Dawgs try to replace all-star safety

Tra Battle

ATHENS – Georgia has had three straight first-team All-Americans at safety, and none of them earned that honor with their pass coverage skills.

Sean Jones, Thomas Davis and Greg Blue, particularly Davis and Blue, all caught the eye of national voters, not to mention NFL scouts, with bone-jarring hits that filled television highlights and made offensive players lose sleep at night.

Entering the 2006 season, there is no heir apparent head-hunter. Senior Tra Battle of Forsyth and junior Kelin Johnson of Daytona Beach, Fla., are veterans with All-SEC potential but with a little less beef than their predecessors at safety.

"We've been playing with a bunch of freak-of-nature guys, so we've been spoiled," defensive coordinator and secondary coach Willie Martinez said.

Johnson weighs around 190 pounds, and Battle struggles to stay near 180.

"The real issue is not the willingness of our safeties to hit you," Coach Mark Richt said, "but the bodies they've got behind it."

No one on the Bulldogs' coaching staff is pining publicily for Jones or Davis or Blue, though. Instead, they're looking at the bright side.

Georgia -- like most other teams in the country, according to Richt – has become more committed in recent years to bringing one safety up to help stop its opponent's running game. When players like Blue and Davis were around, they were the obvious choice to support the run, and opposing teams knew it and expected it.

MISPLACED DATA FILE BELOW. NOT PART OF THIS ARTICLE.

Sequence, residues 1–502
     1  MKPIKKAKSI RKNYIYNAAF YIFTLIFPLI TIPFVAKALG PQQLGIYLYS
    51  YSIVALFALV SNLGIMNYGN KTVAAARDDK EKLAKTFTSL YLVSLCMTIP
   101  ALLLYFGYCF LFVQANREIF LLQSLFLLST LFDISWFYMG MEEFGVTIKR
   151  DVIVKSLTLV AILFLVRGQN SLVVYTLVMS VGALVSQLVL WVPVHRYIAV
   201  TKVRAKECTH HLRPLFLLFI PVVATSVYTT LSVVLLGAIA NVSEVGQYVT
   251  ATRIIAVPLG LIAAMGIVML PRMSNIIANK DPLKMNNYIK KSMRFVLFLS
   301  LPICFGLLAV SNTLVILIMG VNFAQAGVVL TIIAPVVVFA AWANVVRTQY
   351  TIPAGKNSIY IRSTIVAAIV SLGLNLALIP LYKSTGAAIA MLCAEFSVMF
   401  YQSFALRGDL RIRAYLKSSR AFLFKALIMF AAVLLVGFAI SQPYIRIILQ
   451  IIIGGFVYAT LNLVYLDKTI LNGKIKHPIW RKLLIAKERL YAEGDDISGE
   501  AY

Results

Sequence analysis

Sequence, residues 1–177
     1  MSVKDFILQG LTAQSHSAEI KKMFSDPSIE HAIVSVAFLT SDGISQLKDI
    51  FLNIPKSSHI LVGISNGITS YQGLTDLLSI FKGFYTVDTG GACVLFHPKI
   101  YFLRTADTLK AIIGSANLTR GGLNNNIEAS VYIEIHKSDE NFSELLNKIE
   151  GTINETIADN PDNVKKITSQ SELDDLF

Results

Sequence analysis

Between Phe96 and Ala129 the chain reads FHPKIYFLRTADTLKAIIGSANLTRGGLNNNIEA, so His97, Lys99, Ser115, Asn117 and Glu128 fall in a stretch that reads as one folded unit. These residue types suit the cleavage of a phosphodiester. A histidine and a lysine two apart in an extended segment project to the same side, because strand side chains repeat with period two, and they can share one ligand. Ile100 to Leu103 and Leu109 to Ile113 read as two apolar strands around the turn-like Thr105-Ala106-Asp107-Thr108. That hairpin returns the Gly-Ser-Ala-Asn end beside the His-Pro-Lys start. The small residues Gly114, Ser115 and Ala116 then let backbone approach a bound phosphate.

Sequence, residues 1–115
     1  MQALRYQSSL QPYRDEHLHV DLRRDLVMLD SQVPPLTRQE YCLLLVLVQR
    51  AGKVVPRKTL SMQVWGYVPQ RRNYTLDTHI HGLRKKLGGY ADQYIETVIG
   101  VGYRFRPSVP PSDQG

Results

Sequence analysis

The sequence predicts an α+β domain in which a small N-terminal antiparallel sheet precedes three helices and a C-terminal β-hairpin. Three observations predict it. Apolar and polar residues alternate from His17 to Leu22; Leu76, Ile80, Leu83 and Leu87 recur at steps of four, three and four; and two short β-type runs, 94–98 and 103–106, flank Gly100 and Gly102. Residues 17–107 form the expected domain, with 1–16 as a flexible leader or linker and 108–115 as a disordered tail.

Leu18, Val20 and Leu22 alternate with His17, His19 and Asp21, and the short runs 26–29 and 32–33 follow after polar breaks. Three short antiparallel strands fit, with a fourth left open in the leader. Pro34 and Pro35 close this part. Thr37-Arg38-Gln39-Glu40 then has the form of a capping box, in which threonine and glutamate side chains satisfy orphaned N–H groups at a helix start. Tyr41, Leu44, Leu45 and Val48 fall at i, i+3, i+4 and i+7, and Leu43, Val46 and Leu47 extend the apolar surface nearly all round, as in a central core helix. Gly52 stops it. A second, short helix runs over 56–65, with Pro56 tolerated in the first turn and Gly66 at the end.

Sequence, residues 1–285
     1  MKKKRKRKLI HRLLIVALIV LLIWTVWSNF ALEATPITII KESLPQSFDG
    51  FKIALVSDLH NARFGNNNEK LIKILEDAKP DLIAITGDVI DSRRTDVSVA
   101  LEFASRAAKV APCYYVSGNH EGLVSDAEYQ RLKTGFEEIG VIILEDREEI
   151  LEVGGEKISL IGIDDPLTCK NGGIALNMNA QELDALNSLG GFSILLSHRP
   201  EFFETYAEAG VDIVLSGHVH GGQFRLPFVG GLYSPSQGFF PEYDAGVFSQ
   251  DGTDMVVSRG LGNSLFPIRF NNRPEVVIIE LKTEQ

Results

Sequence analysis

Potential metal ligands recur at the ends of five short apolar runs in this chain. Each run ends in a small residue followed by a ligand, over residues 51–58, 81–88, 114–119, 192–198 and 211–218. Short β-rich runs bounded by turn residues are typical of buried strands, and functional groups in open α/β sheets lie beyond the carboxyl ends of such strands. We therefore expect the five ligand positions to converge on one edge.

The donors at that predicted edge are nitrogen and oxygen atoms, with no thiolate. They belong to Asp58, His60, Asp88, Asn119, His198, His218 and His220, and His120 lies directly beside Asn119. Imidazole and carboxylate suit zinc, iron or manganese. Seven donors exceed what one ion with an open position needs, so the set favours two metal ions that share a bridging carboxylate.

Now, Richt said, the Bulldogs have two safeties who are so close in stature and ability that the defense can be less predictable in moving one forward.

"We've got it where either guy can spin down or drop back," he said. "When you've got a guy like Blue, it was more apt to be Greg (who supported the run)."

"It'll give us more flexibility, yes," Martinez said. "That's what we've always strived for, to get to a point where they're the same. We had that with Sean Jones and Thomas Davis in 2003."

Battle and Johnson are the clear cut starters after two weeks of fall practice, Martinez said. Sophomore CJ Byrd, the South Carolina prep player of the year in 2004, has emerged as the top backup at both positions.

"Byrd is coming out of his shell," Richt said, "starting to play like the player we knew he'd be one day."

Redshirt freshman Donavon Baldwin is a step behind the top three safeties, Martinez said, and true freshmen Reshad Jones and Quintin Banks are another level back, which is to be expected, Martinez said.

Redshirt freshman safety Antavious Coates suffered a season-ending knee injury last week, which increased the chance that Jones or Banks would play this year. However, neither freshman is guaranteed to see time.

"Not as long as everybody stays healthy," Martinez said, "but if they're ready and they're showing production, they'll play."

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